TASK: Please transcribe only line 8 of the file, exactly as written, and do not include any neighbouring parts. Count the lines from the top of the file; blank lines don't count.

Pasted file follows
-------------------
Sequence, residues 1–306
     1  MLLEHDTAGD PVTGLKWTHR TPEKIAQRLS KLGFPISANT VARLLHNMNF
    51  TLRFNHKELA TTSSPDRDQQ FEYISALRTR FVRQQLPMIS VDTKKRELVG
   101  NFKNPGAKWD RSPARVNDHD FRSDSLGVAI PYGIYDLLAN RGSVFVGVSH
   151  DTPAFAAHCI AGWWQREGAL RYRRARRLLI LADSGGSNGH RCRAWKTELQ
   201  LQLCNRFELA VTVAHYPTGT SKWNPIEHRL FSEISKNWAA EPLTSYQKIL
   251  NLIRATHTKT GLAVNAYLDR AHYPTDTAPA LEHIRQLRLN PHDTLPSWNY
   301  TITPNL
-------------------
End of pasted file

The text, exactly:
   301  TITPNL